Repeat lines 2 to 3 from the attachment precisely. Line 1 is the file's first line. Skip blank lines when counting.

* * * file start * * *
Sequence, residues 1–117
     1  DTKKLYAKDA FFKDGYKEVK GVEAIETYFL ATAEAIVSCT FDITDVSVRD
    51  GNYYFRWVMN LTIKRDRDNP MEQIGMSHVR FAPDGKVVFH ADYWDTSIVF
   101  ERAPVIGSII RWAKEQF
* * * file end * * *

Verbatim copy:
     1  DTKKLYAKDA FFKDGYKEVK GVEAIETYFL ATAEAIVSCT FDITDVSVRD
    51  GNYYFRWVMN LTIKRDRDNP MEQIGMSHVR FAPDGKVVFH ADYWDTSIVF